Prayer for Surfside

Fr. Willie ‘87 | President
(Fr. Guillermo García-Tuñón, S.J. delivered these remarks at the Rosary for Surfside at the Roca Theater held on April 28, 2021.)

Sometime, in the very near future, structural engineers, architects, and experts of every kind will report what went dreadfully wrong with the Champlain South Towers on early Thursday morning. There is no doubt the extensive report will give accurate explanations explaining why this building collapsed. 

It goes without saying the information is incredibly important. Family members demand it, Miami demands it, the world demands it. And yet, for as necessary as that information is in order to avoid similar catastrophes in the future and hold the right people accountable, at the end of the day, all the physical inquiry will not provide the kind of healing and peace so many people desperately need and deserve.

Physical science and engineering are crucial, but they can only take us so far as we try to move forward. This is why prayer is so important. I think our idea of prayer is wrong. Oftentimes, what motivates us to pray, is to ask for things we need or for things we want. 

Don’t get me wrong, that is one of the purposes of prayer. If someone is sick, we pray for their health. If someone is out of a job, we pray they get one. At a place like Belen, there is nothing that motivates prayer as much as the day of an exam. But, while this purpose of prayer is good and important, it’s not the full story. 

Prayer is mostly about strength. Strength to accept what happens in our lives, especially when those things are not in our immediate plans. Prayer is about the strength to stay faithful to God even when we feel that He is not there or has abandoned us. Prayer, as St. Ignatius of Loyola so appropriately explained, is a spiritual exercise that makes us strong to deal with the evil that befalls us. It is a spiritual exercise that makes us strong enough to help others when evil befalls them and cannot stand on their own. 

And that’s another point. We live in a world that insists prayer and the spiritual life is not for public use, but very private. Having a relationship with God is something very personal, to be kept to yourself. Nothing can be farther from the truth.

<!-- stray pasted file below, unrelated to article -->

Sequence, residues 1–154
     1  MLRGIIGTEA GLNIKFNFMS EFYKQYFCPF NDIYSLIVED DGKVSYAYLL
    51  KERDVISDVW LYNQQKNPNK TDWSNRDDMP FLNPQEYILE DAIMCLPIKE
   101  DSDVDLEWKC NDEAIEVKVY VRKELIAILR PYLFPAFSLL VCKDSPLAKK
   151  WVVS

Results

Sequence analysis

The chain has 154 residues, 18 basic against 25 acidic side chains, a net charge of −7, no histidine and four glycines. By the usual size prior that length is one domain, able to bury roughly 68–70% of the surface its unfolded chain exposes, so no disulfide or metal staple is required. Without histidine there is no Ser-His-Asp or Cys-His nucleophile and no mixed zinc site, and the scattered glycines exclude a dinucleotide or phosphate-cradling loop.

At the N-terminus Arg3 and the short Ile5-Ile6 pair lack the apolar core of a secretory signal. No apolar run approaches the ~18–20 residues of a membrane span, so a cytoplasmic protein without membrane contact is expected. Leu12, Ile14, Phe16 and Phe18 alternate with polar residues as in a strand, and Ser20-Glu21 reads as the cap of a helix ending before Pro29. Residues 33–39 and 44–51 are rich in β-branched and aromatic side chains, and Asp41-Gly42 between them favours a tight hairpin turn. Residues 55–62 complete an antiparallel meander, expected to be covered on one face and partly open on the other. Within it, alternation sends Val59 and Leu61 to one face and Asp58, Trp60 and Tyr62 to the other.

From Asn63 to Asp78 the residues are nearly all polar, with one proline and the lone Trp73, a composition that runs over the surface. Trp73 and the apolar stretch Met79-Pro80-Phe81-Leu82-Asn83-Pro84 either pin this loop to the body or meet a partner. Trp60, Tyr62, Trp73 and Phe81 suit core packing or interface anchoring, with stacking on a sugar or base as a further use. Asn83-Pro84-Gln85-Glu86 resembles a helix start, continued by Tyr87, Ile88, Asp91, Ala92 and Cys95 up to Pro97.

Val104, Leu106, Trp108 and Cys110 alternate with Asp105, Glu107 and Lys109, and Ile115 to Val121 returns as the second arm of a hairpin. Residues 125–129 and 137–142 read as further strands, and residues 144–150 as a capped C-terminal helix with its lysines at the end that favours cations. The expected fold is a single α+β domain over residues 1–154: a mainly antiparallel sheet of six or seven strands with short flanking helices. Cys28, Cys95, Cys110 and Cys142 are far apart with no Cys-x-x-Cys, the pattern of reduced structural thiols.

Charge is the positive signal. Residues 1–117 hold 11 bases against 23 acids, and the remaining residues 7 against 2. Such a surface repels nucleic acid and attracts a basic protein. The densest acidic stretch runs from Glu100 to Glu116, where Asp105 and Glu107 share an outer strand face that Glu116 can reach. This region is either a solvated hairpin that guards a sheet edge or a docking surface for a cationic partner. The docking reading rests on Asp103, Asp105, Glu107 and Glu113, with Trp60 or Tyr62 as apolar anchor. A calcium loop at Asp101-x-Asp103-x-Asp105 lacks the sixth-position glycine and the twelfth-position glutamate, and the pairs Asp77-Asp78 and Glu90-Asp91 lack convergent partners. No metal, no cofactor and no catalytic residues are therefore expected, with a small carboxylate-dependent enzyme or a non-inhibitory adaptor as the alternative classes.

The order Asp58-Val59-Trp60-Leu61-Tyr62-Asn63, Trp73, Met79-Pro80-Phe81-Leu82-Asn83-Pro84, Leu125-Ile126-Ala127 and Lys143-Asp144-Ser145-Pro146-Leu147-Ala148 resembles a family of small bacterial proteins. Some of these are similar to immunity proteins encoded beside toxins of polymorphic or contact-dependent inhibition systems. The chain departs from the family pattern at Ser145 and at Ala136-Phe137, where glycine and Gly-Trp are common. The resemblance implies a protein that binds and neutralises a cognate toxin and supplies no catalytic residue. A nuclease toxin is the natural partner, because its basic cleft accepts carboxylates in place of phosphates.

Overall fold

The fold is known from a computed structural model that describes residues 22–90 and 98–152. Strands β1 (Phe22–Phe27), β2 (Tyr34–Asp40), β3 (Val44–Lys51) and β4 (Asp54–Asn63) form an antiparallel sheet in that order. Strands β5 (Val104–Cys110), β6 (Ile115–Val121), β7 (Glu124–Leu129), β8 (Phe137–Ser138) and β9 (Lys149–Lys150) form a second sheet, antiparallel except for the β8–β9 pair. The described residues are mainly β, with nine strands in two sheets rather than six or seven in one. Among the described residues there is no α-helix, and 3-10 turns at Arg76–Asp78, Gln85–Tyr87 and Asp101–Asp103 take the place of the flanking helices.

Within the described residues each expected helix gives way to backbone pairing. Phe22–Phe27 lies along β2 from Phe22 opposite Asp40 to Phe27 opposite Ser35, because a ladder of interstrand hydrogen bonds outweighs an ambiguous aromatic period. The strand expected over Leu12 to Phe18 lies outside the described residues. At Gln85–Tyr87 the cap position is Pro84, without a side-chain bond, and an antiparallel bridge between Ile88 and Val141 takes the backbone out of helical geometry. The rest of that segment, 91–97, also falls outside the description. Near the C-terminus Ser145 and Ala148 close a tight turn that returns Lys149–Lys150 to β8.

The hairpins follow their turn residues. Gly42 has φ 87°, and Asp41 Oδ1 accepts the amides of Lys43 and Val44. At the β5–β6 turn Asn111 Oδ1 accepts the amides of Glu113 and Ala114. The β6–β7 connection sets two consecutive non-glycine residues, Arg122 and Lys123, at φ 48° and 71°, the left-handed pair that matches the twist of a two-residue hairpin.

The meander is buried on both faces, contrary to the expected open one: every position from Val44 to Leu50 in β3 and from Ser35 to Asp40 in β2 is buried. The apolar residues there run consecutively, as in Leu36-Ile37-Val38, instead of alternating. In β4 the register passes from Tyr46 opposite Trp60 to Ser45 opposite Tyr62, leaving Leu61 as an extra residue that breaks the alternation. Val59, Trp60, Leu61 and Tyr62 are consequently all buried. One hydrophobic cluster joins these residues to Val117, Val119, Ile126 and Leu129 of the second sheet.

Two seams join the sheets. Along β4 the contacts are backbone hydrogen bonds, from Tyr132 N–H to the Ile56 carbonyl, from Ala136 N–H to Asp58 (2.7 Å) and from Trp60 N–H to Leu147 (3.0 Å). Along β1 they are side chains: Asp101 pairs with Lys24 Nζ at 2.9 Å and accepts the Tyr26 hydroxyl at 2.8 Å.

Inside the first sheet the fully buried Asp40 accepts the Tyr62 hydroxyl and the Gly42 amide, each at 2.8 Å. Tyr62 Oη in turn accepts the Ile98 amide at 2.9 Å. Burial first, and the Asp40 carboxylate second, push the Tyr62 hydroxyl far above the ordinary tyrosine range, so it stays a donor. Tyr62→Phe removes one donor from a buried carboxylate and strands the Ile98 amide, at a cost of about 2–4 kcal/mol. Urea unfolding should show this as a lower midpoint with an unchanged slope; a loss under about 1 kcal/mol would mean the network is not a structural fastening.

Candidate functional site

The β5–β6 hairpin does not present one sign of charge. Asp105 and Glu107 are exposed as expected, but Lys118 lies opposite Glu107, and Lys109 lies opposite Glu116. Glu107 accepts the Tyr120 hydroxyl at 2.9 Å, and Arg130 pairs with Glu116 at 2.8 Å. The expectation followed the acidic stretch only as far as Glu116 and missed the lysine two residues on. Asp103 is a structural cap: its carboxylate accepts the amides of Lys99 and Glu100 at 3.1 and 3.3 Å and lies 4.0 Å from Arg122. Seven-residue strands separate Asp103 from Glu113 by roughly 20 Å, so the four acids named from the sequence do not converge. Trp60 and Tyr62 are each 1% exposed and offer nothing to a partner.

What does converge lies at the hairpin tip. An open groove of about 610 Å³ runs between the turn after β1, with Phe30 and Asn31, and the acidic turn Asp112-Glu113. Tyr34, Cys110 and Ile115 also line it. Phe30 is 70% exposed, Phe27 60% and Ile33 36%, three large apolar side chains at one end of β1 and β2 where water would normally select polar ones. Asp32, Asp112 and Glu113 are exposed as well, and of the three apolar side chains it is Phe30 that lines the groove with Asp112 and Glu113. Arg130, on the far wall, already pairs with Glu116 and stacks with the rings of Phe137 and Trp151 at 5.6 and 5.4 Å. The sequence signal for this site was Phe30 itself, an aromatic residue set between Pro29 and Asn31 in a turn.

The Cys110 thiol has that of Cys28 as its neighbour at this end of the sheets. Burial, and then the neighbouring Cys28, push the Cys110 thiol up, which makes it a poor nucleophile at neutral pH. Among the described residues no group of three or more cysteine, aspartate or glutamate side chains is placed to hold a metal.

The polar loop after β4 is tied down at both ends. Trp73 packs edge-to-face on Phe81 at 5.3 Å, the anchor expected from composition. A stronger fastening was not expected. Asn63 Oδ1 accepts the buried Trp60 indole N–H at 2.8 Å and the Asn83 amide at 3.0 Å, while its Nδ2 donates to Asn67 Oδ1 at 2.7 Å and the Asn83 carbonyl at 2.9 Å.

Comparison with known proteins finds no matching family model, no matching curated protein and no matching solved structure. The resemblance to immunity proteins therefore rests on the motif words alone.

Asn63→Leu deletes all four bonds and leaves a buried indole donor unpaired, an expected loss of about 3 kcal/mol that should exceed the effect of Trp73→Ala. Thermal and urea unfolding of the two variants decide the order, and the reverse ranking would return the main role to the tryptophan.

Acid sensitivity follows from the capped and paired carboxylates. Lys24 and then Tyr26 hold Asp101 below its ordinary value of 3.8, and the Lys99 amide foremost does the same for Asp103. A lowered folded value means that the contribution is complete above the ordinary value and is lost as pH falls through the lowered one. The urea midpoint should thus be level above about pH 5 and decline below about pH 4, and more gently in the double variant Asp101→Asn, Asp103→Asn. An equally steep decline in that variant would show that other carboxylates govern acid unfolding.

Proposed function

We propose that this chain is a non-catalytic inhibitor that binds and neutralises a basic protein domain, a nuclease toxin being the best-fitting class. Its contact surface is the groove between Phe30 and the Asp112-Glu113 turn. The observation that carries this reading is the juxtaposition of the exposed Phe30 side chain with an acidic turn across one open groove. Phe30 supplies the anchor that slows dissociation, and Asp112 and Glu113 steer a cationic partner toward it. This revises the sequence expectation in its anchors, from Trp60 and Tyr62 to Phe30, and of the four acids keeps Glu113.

There’s a reason why Jesus was born into a family, a reason why he was an active member of his synagogue community, a reason why he surrounded himself with twelve apostles and hundreds of disciples. At the end of the day, even the very nature of God (Father, Son, and Holy Spirit) is community. And so are we. Prayer is meant to be shared. Sure, there are moments of private prayer, but there are many, many moments when it needs to be done in community.

That is why we are here tonight. Our community is in pain. Some of our members have suffered great loss, and are in the dark about their loved ones. So, we gather in prayer for strength and to strengthen others. We listen and take to heart the words of St. Paul to the Romans, “Let love be sincere; hate what is evil, hold on to what is good, love one another with mutual affection; Rejoice in hope, endure in affliction, persevere in prayer. Rejoice with those who rejoice, weep with those who weep” (12:9-10a, 12,15).

Tonight, as a community, we join hundreds of thousands of people of all different faiths who pray for those who have died, for those who are missing, for those who are tirelessly working to search, rescue, and recover. We pray for the repose of the souls of our 11 brothers and sisters who lost their lives and for the 150 who are still missing. We pray for their families and their friends. For Ana, Juan, and Juan Jr., for Mary and Ray, Richard and María Teresa, for Francis, Elena Blasser and Elena Chávez, and for Rosi. 

We offer the rosary tonight because as Catholics, we place so much of our hope and fears, our sadness and anger in the hands of the mother of Jesus. It was Mary who was with Jesus from beginning to end. She experienced his joy and his sadness. She experienced his fear, anger, and sorrow. She experienced his death. It is only natural that in times of such sorrow and pain that we run to our mother for help. Let us continue to pray as a community for strength.

Our Lady of Belen… pray for us.
500 SW 127th Avenue, Miami, FL 33184
phone: 305.223.8600 | fax: 305.227.2565 | email:
Belen Jesuit Preparatory School was founded in 1854 in Havana, Cuba by Queen Isabel II of Spain.  The task of educating students was assigned to the priests and brothers of the Society of Jesus (the Jesuits), whose teaching tradition is synonymous with academic excellence and spiritual discipline.  In 1961, the new political regime of Cuba confiscated the School property and expelled the Jesuit faculty.  The School was re-established in Miami the same year, and over the next decade, continued to grow.  Today, Belen Jesuit sits on a 30-acre site in western Dade County, only minutes away from downtown Miami.